On the first Sunday after Pentecost we celebrate the day of All Saints. Is it not the right moment to ask ourselves what makes a saint? What are the conditions necessary for a person to grow to that stature to which each one of us without exception is called? When St. Seraphim of Sarov was asked this question, he answered that the only difference between a sinner who could not find the path to salvation and a saint (a sinner likewise, but who finds the way to the Kingdom of God) was determination. The saints are those who have understood, as we ourselves do in moments of enlightenment, that man’s vocation is indeed so wonderful and so great that it outgrows earthly things, that it is as great as the glory of God, for according to the Scriptures we are called to be partakers of God’s nature. We are called to be members, living particles in the complex, divine Body of Christ; we have been given the Holy Spirit in order that we should be temples of this Spirit, the place where He lives, which He inhabits, from which He shines and radiates and acts. We are called to be the children of God in His Only-begotten Son, but all this is unattainable by human effort and contrivance. It can only be given to us; yet given only on the condition that we can receive what we are given, and to receive God is often a terrifying thing, because when God enters our lives, our destinies, much, very much in them must change. Truth must shine forth, love must conquer, compassion must be born, humility must come, together with everything that we admire so much in the lives of saints and yet fear so in our own lives. And so we are faced with the question how to find this determination in ourselves, how to develop it. Father Alexander Yeltchaninov, one of the greatest spiritual teachers of our time, says in his journal that if we want to become completely pliable in God’s hands, obedient to His will, alive in His life, we must begin with the simplest things. Whenever we feel a good urge, whenever we feel the sudden possibility of doing good, we must do it at once, quickly and urgently, without leaving time between the thought and the action to suggest to ourselves, wickedly, that it can wait, that perhaps it is not really necessary, that the person of whom we are thinking may not be worth so much care and attention and goodness. And yet the whole point is in this. A saint is not one who vegetates, but one who is in action. And we are called to stop vegetating, to stop living in a dream, half asleep, and to respond quickly, vigorously to all that is good, beautiful and vital in us and around us. To achieve this, obedience is necessary: obedience to the word of God, to the voice of our conscience, to the active call of our souls. It must be quick and immediate, leaving no opportunity between the idea and its fulfilment to allow us to put it off indefinitely. Then obedience must be wholehearted. Often we start on some good work but tire of it very quickly, get bored with it; but the person whom we are helping still seems to need us for some reason, and instead of treating him with love, we begin to treat him with bitterness: does he really still need more love, more care, more attention? Finally, obedience must be indiscriminate; we must not ask ourselves whether we want to do good to a particular person or not, do we want to bother about another one or not, is it worth it, is he worthy? It is sufficient for a person to be in need for us to hear God saying “well, you go and do it for him”, and if we do it wholeheartedly, quickly and joyfully, we shall gradually learn to be sufficiently active, responsive, vigorous, prepared for obedience, so that when the Lord demands more of us we can respond with determination “Of course, O Lord”, and perform the task. In this way, moving from small things to greater and still greater, and finally to the really great acts of holiness, a man become such as we see the saints, by whom we are filled with wonder, by whom we are filled with wonder, by whom we are moved, whom we are called on to emulate in spirit and in our lives, to emulate in the living flow of love. Let us try. Let us begin with the smallest things and the Lord will lead us by the hand to greater achievements by the power of the Holy Spirit, by His inspiration and His strength. Amen.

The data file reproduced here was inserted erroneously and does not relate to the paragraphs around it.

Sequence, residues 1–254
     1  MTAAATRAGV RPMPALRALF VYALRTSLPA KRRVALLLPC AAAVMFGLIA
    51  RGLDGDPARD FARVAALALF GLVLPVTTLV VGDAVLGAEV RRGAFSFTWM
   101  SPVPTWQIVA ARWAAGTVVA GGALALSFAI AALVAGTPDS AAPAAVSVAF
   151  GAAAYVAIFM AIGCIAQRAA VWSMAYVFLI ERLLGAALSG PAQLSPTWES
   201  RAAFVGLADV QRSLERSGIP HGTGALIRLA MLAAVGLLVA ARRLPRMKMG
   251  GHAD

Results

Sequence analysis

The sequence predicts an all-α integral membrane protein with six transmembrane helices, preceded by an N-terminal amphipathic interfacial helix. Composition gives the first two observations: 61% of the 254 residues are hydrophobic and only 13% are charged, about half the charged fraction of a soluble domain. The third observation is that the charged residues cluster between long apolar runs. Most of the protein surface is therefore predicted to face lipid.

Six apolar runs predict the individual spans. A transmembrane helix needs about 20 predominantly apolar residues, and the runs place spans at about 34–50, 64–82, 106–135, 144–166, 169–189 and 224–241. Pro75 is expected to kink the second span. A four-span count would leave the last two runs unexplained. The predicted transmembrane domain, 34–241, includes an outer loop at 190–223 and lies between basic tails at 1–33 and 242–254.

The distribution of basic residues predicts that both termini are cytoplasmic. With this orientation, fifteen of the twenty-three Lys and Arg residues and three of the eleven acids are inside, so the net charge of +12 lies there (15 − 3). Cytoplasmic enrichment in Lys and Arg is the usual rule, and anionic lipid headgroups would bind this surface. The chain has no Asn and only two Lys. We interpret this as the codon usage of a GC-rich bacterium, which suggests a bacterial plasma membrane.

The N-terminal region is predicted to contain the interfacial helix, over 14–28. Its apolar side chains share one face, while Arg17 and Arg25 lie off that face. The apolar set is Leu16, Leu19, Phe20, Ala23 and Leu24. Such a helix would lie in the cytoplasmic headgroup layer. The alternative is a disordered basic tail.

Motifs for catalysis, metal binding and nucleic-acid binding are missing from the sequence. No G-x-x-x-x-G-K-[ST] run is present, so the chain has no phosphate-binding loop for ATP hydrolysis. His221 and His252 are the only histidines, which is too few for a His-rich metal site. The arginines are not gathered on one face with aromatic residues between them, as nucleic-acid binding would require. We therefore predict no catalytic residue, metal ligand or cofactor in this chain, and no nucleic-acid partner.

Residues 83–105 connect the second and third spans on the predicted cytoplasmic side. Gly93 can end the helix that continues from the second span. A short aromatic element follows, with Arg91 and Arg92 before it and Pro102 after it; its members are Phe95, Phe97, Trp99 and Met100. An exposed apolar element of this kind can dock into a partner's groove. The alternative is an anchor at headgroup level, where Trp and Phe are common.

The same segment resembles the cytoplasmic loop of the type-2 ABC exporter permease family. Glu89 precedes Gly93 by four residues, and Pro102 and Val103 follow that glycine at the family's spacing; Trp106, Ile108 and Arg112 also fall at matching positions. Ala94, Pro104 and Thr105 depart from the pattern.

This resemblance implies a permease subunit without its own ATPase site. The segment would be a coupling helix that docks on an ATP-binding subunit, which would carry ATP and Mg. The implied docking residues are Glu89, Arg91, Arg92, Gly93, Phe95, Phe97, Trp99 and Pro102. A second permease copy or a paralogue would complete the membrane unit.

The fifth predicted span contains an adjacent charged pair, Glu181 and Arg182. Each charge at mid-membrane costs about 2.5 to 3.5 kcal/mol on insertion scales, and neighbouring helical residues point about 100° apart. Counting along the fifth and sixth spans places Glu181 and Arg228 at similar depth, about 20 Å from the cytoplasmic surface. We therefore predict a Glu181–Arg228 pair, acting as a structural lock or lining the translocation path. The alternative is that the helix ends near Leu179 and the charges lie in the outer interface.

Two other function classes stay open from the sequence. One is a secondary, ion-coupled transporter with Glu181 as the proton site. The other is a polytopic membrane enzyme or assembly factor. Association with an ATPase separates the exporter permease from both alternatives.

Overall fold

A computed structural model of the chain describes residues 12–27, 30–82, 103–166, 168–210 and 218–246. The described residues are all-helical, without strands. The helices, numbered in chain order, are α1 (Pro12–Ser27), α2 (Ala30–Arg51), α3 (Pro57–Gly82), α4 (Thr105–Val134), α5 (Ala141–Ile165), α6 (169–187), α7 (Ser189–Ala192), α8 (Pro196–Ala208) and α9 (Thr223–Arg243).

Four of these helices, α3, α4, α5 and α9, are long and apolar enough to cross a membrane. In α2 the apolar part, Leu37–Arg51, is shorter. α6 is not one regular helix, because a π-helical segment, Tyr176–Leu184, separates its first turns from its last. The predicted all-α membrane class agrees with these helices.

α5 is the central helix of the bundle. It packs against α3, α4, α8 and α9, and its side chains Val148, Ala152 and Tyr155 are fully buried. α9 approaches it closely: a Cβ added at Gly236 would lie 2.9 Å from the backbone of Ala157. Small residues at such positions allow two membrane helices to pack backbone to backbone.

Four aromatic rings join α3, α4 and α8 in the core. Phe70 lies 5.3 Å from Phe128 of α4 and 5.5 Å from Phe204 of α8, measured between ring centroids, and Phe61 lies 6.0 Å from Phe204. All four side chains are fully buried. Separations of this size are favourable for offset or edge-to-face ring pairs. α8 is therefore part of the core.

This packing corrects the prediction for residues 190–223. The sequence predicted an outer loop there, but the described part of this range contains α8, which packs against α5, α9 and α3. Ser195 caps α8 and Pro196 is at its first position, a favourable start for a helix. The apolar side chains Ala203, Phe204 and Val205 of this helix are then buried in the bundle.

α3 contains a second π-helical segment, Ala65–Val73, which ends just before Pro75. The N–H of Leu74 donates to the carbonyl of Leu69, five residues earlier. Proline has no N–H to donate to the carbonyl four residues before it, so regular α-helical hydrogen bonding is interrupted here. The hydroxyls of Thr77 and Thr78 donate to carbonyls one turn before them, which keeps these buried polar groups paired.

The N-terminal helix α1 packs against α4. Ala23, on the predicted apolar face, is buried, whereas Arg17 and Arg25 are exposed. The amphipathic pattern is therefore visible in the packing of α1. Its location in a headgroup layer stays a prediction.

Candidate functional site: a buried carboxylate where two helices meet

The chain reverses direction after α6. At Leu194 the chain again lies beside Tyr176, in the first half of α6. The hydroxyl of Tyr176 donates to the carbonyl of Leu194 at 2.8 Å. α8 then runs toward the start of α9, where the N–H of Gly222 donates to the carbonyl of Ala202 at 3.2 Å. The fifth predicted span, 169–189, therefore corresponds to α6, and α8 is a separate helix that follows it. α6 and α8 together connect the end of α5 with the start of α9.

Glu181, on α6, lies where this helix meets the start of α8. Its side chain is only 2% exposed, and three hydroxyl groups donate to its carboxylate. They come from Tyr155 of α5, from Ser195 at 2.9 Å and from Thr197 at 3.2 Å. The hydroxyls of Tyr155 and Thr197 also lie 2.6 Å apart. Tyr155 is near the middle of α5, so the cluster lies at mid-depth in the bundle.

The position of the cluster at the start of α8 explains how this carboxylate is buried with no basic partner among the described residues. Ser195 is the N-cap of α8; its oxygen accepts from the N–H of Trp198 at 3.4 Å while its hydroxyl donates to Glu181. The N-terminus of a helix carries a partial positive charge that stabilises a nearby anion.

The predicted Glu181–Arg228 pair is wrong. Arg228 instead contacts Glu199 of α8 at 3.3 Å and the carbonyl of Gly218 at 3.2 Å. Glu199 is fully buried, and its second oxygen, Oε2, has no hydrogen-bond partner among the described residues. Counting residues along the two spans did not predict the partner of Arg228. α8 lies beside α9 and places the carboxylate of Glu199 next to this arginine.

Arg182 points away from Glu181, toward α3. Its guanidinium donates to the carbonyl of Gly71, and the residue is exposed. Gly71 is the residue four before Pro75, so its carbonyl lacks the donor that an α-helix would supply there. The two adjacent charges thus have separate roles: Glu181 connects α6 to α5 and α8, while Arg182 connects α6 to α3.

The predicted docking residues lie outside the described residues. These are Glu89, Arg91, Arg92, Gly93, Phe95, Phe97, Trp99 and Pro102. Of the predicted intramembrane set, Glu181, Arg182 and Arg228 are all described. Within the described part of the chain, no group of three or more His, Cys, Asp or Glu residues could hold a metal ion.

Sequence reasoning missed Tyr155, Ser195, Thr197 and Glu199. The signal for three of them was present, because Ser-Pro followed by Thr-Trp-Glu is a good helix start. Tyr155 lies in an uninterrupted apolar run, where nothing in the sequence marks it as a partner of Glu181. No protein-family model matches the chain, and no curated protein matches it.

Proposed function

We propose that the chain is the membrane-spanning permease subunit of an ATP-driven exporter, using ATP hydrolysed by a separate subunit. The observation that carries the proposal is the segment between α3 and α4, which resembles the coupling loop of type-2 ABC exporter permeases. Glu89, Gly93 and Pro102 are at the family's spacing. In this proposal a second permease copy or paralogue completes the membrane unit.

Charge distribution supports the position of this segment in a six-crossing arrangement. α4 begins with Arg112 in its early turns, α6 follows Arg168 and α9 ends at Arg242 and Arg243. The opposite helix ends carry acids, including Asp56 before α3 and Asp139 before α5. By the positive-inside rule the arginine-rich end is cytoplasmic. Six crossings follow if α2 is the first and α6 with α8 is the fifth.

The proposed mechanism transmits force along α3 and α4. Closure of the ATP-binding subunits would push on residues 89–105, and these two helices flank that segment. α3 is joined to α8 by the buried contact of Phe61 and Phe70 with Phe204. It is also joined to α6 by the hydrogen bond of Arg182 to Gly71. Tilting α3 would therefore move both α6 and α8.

Published: NEWS LETTER